Interestingly, early testing of the Stress Management Score among several thousand Fitbit community member-volunteers suggested that it isn’t unusual for a person’s reported mood sometimes to be quite different from what one might expect from their Stress Score. For example, in the morning after running your first half-marathon, your Stress Score might be lower than your baseline based on changes in your heart rate variability and other signals showing that you pushed your body to its limits. You might not perceive any of that as “stress” because you feel positively ebullient after accomplishing one of your long term goals. 

“There are some people whose physiological signals suggest a lot of stress in their life. Their heart rate might be racing all the time, but they just don’t perceive it as stress,” says Conor Heneghan, Lead Research Scientist at Fitbit. “And conversely, there’s people whose physiological responses are fine. But their psychological construct is, ‘I’m feeling very stressed all the time.'” 

One reason for this disconnect is that stress doesn’t always feel bad and has many useful functions. Indeed, if we tried to avoid stress all the time, we wouldn’t take on difficult challenges either physically or mentally. Taking risks and stepping outside of our comfort zone requires that we feel stress. There is even a little-used word to describe that positive type of stress. It’s called “eustress.” Although having the same physiological markers as negative forms of stress, eustress helps us stay motivated, rise to the occasion, and take on challenges.

“We can overcome all sorts of demands that the environment places on us when we feel like we have the resources, energy, and the skills,” says Abdel-Ghaffar. “In those situations, our stress responses are going to be positive. What defines a positive stress response is that it feels good and is beneficial to us.”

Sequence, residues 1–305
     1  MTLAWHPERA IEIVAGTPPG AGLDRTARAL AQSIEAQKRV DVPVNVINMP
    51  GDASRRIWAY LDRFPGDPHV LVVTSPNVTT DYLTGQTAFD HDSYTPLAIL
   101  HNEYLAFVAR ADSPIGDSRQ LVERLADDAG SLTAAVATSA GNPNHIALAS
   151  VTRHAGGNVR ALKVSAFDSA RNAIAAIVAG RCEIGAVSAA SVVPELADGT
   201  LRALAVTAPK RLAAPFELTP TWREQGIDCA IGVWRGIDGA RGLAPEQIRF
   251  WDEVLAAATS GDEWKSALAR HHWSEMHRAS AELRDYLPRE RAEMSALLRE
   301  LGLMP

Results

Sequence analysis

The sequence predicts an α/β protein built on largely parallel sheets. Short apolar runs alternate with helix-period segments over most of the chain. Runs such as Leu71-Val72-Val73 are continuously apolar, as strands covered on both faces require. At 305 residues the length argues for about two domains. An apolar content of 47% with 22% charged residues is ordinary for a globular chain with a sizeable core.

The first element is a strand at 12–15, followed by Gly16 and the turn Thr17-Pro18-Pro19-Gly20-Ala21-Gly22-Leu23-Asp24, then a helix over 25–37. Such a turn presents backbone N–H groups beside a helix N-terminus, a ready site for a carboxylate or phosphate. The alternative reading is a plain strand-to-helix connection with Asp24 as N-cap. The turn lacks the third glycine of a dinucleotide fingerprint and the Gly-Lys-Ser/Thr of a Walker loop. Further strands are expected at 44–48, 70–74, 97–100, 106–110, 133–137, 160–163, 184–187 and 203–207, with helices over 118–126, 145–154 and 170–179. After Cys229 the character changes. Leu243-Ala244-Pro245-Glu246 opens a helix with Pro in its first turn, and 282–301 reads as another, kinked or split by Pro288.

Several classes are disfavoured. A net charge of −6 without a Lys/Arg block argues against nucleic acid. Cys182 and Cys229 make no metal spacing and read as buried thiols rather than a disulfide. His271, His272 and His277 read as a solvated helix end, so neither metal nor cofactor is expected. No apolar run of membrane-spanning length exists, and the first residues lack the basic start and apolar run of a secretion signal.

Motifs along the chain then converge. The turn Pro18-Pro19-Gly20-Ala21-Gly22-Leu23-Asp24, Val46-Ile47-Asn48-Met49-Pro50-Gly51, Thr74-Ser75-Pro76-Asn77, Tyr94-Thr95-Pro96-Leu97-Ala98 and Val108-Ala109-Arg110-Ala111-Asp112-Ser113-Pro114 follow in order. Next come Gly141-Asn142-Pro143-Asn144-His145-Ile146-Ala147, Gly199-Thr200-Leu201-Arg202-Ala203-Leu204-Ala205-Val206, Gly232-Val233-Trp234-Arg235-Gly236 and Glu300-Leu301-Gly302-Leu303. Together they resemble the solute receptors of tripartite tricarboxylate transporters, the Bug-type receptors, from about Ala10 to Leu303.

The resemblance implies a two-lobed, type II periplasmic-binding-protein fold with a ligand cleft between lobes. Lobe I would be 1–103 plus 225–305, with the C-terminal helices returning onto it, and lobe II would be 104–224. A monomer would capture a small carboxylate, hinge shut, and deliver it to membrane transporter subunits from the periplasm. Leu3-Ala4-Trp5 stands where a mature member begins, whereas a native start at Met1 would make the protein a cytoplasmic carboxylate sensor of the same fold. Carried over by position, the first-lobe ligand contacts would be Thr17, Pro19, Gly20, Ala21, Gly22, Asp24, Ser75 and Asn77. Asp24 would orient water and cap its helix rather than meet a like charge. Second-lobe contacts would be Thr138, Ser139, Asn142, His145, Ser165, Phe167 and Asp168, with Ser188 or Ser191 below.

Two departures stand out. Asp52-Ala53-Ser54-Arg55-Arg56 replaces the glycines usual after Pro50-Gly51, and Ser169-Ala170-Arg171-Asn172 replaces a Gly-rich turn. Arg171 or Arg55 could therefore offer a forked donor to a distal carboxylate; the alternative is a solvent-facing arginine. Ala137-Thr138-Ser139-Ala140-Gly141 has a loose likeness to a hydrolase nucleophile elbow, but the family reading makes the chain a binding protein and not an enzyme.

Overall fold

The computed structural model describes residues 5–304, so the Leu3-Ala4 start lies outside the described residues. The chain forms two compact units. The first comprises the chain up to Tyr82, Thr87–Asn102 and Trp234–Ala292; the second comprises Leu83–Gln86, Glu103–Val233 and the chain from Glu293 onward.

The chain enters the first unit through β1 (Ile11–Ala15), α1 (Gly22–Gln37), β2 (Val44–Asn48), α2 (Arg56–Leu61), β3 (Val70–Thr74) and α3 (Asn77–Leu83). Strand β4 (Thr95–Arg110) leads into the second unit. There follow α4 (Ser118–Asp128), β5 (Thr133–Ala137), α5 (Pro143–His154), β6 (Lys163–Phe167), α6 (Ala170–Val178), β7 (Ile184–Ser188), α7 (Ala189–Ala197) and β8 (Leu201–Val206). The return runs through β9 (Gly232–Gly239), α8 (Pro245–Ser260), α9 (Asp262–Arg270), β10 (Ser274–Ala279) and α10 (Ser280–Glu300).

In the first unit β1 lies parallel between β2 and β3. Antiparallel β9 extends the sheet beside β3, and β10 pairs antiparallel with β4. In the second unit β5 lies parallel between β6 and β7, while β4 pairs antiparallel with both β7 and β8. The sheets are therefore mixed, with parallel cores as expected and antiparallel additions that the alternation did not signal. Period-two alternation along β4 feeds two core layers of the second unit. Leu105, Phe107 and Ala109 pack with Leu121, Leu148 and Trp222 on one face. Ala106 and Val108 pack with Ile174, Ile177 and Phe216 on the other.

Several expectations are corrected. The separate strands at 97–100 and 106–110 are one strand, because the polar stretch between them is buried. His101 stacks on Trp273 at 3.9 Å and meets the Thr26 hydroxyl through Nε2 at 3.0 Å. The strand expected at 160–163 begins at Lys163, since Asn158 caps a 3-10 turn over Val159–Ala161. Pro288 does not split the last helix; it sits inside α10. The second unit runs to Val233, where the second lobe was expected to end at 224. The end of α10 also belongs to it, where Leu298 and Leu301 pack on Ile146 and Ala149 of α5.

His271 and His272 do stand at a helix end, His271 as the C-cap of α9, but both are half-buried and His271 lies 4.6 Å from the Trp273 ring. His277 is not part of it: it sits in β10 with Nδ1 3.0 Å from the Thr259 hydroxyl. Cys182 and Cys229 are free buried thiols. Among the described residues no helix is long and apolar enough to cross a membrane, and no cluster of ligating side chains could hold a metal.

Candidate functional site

Of course, stress can be both physically and mentally devastating as well. In some situations, we can get so flooded with anxiety that we become paralyzed and shut down. The triggers for those moments of toxic stress can sometimes be surprisingly small. An awkward social encounter or a harsh word from your boss can trigger surprisingly powerful stress reactions. 

Chronic stress is perhaps even more concerning as it can sneak up on you over an extended period and yet remain outside of your awareness. Chronic stress can weaken your immune system and increase your risk of obesity, heart disease, depression, and gastrointestinal problems. 

“Often we are not tuned in to what we’re feeling inside of our bodies and we can go a long time without recognizing that we’re really in this state of stress until things start breaking down,” says Abdel-Ghaffar. “Just because you do not consciously perceive stress doesn’t mean that it’s not there. In this case, out of sight may mean out of mind, but not out of body.” 

Creating a Life in Balance

In the end, the Stress Management Score isn’t about eliminating stress from one’s life. Instead, it is a tool to better understand your particular relationship to stress and a gateway to the many activities and behaviors that might help bring your Stress Management Score up and your life into greater balance. The Fitbit platform offers information, exercises, and programs to target whatever might be lowering your Stress Management Score. If your sleep is erratic, for example, you can use your smartwatch to start a nightly routine of winding down. Fitbit smartwatches can also be programmed not to wake you up during periods of deep sleep.

“Being mindfit means not only understanding the role stress plays in our health but actively taking steps to better manage it,” says Dr. Belen Lafon, staff algorithm scientist at Fitbit. “One tool to help you manage stress is through meditation to train attention or awareness and achieve emotional calm. It has been shown to ease symptoms of anxiety and depression, and may even reduce blood pressure.”

Using the electrodermal sensor on the watch during guided meditations included in the Fitbit app can provide instant feedback about how your body is reacting to the session. To start an EDA scan, you place your palm on the face of the watch, breathe, and keep still. You should experience fewer EDA responses as you get calmer through meditation. 

“We know COVID has upended people’s lives and created a lot of stress,” says Stacy Boise, product marketing manager at Fitbit. “With the disruption to our lives, a lot of people are thinking about stress. Having tools to manage it is important because change can also bring opportunity. We can form new habits and reset our priorities.”

Not allowing stress to control you is the first step towards using it as a tool for living fully.